How “Nudge Theory” is changing engagement

retro-alarm-clock

What is now called “nudge theory” isn’t totally new. The first wind-up alarm clock, for example, was a rudimentary technology nudging humans to do something they wouldn’t necessarily do on their own. It just wasn’t until much later that nudge theory became “branded” — thanks to Richard Thaler and Cass Sunstein writing their book Nudge, which […]

Service design thinking: Why?

Person Centered

This post is part 3 of a 3-part series. In my last post, I talked about how to do service design thinking. In this post, I’ll discuss why service design thinking is important. In a recent conclave organized by Singularity University, the speakers highlighted how products and services are now congregating into four clusters: content […]

Service design thinking: How?

People walking

This post is part 2 of a 3-part series. In my last post, I talked about what service design thinking is. In this post, I’ll discuss how it is  implemented. Service design thinking is based on five principles: User-centered: Design services as experienced by the user — e.g., a company in New York uses kinematics […]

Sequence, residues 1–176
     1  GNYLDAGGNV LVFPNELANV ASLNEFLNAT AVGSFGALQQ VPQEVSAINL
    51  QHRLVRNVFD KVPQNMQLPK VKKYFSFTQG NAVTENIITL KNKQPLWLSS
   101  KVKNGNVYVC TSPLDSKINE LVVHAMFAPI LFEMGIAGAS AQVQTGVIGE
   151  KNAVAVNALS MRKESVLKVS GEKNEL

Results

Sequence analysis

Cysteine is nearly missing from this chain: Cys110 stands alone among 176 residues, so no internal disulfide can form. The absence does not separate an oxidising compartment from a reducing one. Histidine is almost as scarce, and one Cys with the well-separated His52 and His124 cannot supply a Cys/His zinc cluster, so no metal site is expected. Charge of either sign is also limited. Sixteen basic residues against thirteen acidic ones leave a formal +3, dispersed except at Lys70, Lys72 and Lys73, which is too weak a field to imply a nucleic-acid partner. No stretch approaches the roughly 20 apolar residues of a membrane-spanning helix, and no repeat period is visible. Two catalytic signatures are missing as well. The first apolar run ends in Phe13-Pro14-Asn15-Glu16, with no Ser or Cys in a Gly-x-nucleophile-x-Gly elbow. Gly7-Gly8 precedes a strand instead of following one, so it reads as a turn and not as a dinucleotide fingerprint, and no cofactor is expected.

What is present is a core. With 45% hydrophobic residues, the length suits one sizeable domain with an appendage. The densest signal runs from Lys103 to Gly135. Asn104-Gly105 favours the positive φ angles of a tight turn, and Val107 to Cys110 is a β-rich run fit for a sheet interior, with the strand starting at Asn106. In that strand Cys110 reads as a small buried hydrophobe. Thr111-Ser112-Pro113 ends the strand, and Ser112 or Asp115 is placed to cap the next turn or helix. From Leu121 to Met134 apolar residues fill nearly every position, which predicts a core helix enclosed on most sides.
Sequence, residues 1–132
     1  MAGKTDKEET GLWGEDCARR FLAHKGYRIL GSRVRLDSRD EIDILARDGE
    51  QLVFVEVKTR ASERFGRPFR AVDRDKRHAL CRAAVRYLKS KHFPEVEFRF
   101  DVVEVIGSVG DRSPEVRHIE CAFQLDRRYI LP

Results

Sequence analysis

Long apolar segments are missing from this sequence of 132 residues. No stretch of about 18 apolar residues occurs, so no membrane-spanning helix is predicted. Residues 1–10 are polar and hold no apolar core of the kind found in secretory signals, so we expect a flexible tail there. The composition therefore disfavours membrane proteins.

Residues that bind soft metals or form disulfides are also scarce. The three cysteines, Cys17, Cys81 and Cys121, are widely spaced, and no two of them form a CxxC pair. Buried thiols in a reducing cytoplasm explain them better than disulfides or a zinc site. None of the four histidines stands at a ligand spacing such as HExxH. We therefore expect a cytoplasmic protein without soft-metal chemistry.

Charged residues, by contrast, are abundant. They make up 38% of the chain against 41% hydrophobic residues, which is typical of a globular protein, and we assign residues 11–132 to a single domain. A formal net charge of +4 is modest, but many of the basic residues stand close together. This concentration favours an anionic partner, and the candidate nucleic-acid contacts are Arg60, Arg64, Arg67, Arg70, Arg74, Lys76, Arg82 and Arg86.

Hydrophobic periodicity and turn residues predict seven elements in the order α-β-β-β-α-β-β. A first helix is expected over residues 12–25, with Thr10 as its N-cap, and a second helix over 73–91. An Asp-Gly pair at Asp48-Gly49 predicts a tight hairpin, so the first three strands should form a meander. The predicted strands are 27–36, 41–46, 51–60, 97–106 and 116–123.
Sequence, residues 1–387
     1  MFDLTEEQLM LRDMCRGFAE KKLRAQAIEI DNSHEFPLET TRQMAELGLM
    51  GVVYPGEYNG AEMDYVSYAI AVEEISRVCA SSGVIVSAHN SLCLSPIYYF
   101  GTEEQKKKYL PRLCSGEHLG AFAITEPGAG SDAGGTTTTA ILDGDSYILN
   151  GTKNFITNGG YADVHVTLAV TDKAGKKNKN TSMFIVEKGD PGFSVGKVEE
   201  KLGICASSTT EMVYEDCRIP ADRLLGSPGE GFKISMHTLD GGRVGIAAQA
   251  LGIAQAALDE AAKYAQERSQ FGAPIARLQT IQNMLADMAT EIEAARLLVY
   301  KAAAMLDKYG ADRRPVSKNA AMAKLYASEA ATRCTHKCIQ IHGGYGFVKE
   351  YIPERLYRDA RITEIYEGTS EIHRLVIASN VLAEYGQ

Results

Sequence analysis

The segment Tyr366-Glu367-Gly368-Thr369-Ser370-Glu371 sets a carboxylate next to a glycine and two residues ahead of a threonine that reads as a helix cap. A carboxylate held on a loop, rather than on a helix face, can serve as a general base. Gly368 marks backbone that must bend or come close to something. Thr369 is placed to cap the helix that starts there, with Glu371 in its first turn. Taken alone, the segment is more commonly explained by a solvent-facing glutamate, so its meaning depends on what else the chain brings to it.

Service design thinking: What?

Idea

This post is part 1 of a 3-part series. Amazon doesn’t have inventory, Uber owns no fleet, and Airbnb owns no rooms – yet they are the billion dollar companies of this decade. These companies have built their business models, products and offerings by providing platforms that enable the sharing of things, services and time […]

Social engineering: Hacking the human mind

Social engineering is a method to manipulate people into doing something, such as divulging confidential information. It could be seen as the hacking of the human mind. Compared to, for example, software, the human mind has far more vulnerabilities that are significantly simpler to find and exploit since they do not require any special expertise like code or computer language. […]